His magnum opus “The Organ Mountains,” and more of his unique, multi-colored prints, are at www.lazorko.com. As his health suffered, a key contributor to his productivity was his gifted studio assistant Ivan Rincon, who he considered family.
Tony described his work: “The focus of my work has always been to depict something about the American experience, no matter how ordinary, and to say it in an aesthetic manner with tactile surfaces, color and composition.”
A life with so many accolades does not overshadow his most lasting legacy – that of Father. He had a practice of waving goodbye for as long as he could see you — or you him, always making you feel centrally special.
He was preceded in death by his wife Marguerite Biddle, his parents Anthony Lazorko Sr. and Rose (nee Rudnick) Lazorko. He was brother of Lisa Lazorko Abercauph; and father of Jonathan Lazorko (Esther), Paul Lazorko, and Catherine Lazorko (David Brower); and his little prince Tommy the cat. He was grandfather of Maria, Elizabeth, Naveed, Shaan, Nicholas, Benjamin, Kyle, Jared, Kara and Hannah; great-grandfather of Michael; and uncle of Jules, Stephen, Marianne, Jacqueline, Brad and Lee. His gifts to children were legendary — handmade cards showcasing the birthday girl or boy on the cover of TIME Magazine, and bubble gum in novel dispensers or hard candy in colorful tins.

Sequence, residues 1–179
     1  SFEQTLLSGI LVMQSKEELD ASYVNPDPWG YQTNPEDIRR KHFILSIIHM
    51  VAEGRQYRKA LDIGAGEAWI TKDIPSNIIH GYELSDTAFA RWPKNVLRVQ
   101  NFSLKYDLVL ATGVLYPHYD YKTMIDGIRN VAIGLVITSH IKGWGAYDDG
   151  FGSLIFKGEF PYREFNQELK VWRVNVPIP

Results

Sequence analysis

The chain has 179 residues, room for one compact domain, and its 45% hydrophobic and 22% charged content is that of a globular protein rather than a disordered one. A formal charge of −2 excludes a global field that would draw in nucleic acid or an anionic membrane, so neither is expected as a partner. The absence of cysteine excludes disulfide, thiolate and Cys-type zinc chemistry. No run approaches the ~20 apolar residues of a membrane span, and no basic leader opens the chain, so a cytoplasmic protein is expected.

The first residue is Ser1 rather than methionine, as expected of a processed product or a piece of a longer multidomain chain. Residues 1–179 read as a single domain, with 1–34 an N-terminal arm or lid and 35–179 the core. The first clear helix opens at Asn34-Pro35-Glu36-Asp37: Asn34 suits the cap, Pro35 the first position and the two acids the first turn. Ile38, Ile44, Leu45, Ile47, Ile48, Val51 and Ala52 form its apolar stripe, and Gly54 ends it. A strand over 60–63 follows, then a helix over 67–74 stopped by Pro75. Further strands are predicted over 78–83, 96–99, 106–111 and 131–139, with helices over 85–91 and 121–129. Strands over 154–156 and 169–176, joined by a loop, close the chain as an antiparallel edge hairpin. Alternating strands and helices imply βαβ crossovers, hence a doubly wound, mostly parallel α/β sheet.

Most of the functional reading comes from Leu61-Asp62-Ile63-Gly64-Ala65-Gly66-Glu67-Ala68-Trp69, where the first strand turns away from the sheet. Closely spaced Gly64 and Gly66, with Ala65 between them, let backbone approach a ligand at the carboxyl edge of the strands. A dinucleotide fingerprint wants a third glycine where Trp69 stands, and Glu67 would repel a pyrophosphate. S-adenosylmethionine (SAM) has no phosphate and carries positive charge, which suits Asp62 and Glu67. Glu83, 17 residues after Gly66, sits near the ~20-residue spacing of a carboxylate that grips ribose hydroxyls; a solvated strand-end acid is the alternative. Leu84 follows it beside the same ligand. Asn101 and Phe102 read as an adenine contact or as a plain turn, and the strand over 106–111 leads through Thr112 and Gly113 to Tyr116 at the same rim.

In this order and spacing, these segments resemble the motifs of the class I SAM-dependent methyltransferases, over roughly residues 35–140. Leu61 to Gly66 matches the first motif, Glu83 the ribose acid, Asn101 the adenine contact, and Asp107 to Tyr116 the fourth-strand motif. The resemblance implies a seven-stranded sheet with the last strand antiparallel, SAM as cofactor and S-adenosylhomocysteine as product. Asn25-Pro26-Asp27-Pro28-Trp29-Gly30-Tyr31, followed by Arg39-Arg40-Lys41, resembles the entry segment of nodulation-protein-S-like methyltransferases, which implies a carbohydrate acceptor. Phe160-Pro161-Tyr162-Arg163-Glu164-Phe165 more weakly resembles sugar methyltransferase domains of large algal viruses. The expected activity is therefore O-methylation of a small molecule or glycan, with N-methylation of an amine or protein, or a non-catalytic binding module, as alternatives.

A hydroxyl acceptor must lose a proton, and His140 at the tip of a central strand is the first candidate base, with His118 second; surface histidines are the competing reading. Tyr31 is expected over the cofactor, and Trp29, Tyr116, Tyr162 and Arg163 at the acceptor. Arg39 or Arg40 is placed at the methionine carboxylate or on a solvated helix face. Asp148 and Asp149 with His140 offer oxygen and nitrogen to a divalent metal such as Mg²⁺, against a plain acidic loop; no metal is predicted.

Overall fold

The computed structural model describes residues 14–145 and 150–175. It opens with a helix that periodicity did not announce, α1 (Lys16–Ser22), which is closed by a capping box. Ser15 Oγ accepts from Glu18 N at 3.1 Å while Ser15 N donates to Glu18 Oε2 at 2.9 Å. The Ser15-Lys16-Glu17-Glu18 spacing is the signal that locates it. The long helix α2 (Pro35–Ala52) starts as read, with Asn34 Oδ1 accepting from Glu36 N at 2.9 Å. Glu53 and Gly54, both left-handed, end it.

Memorial Gatherings to Celebrate the Life of Tony Lazorko:
- 10 a.m. Sunday, November 26, 2017, at the Community Education Center and Meeting House Theatre, 3500 Lancaster Ave., Philadelphia, PA 19104.
- 2 p.m. Sunday, December 10, 2017, at the Mesilla Community Center, 2251 Calle De Santiago, Mesilla, NM 88046.
- 7 a.m. Monday, December 11, 2017, Our Lady of Guadalupe Pilgrimage, hosted by Village of Tortugas. Meet at the Shrine and Parish of Our Lady of Guadalupe, 3600 Paroquia St., Las Cruces, NM 88001. This is a four-and-a-half mile walk up the steep terrain to the summit of Tortugas Mountain. Mass will be held at 11 a.m. on the mountain. http://www.pbase.com/annmurdy/lady_guadalupe_2013&page=all
- Toast Tony friends gathering TBA in St. Louis at McGurk’s Irish Pub, 1200 Russell Blvd., St. Louis, MO 63104.